Server Security Salvo
The Forefront family includes two products at the server level, one for Exchange and one for SharePoint. Forefront for Exchange Server -- formerly Antigen for Exchange -- runs on your customers' Exchange server. It's designed to protect those servers from virus, worm and spam attacks. Forefront integrates virus scanners from as many as five different providers, including several non-Microsoft choices. This is worth pointing out to your customers, as it helps you build an easier to manage defense-in-depth approach.
Forefront ships with anti-virus engines from AhnLab Inc., Authentium Inc., CA Inc., Kaspersky Lab Ltd., Microsoft, Norman Data Defense Systems, Sophos plc and VirusBuster Ltd. Microsoft provides one-stop, automated updates for all of them. Once any vendor's scanner is updated, Microsoft tests it, confirms it and posts it for automatic download by Forefront.
Your customers can also deploy the various engines in different ways. If a scan fails at the Exchange Edge server, for example, another scanner deployed at the Exchange Hub can catch it. Forefront also integrates with Exchange's inherent anti-spam tools, such as Microsoft IP Reputation Service, Intelligent Message Filtering for content filtering and Exchange's anti-spam signature files. That makes for a compelling sell for your security conscious customers.
Forefront Security for SharePoint is the other server-based tool. As the name implies, this is designed to help your customers protect their SharePoint 2007 and Windows SharePoint Services (WSS) 3.0 environments from documents containing malicious code, undesirable content or even confidential information disclosure. It comes with the same scanning engines as the Exchange product.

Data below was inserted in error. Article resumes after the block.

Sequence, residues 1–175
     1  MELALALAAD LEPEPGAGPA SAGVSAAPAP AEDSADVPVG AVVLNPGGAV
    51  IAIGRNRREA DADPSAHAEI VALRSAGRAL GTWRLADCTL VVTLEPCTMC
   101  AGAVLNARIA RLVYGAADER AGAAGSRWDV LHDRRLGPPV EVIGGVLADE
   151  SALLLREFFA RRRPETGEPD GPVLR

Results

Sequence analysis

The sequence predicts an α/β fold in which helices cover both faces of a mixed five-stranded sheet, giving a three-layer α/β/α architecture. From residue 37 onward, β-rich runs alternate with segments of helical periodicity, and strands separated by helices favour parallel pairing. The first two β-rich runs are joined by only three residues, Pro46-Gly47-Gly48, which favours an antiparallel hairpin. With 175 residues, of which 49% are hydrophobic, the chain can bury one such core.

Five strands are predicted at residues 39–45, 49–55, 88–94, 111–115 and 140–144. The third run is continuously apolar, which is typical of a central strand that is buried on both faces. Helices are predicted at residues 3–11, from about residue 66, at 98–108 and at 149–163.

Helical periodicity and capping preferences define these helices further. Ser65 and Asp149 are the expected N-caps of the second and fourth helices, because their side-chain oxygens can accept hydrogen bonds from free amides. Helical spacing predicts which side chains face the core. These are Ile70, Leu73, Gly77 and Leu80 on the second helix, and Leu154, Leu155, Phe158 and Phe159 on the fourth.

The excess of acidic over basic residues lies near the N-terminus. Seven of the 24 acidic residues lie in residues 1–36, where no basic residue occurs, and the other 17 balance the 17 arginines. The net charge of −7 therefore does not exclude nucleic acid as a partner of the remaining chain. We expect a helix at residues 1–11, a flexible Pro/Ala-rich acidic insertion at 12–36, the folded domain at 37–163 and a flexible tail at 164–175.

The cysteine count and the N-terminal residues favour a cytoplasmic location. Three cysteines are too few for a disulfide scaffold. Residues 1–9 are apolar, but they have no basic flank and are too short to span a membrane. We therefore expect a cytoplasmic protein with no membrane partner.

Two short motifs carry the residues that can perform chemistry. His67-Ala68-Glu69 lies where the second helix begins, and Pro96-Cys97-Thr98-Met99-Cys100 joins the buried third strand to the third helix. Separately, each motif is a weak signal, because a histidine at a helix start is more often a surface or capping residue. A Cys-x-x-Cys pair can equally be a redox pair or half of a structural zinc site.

It automatically scans every document as your customers upload or retrieve them from a SharePoint library. Forefront for SharePoint can more readily scan SharePoint's SQL databases and document libraries. It can also protect against inappropriate content by scanning for administrator-defined keywords and phrases within most Microsoft Office documents, including OpenXML documents. It also supports both 32- and 64-bit servers. You can point out these aspects to your customers as part of your presentations.
Living on the Edge
The final piece of the Forefront story is security at the network edge. Here, Microsoft has two products: ISA Server 2006 and IAG 2007. When used together, the two provide enhanced network edge protection from Internet-based threats. The pair also gives your customers application-centric, policy-based access to corporate IT infrastructure. This is especially important for remote users and branch offices.
ISA Server 2006 runs on Windows Server 2003 and provides firewall, VPN and Web caching services. The idea is to let remote and branch office users securely connect to the corporate network.
IAG 2007 is a security appliance Microsoft recently acquired from Whale Communications. It combines SSL VPN, Web application firewall and endpoint security management. It's designed to ensure secure remote communications, so mobile and remote workers can securely access the corporate network from a broad range of devices and locations.
What will perhaps be Forefront's biggest selling factor, Stirling, isn't due until 2009. Stirling will reportedly let enterprise users centrally set policy. They'll also be able to configure, deploy and manage security across all the Forefront product lines -- from client to server to edge. And they can do all this all from a single console.
Microsoft is not usually at the top of most companies' lists when it comes to security, so Forefront has some formidable competition. The competition is as broad as its product suite and tends to fall into two camps: Those who focus on client and server security, and those who focus on edge security. Neither camp, however, focuses on all three areas -- client, server and edge -- as does Forefront.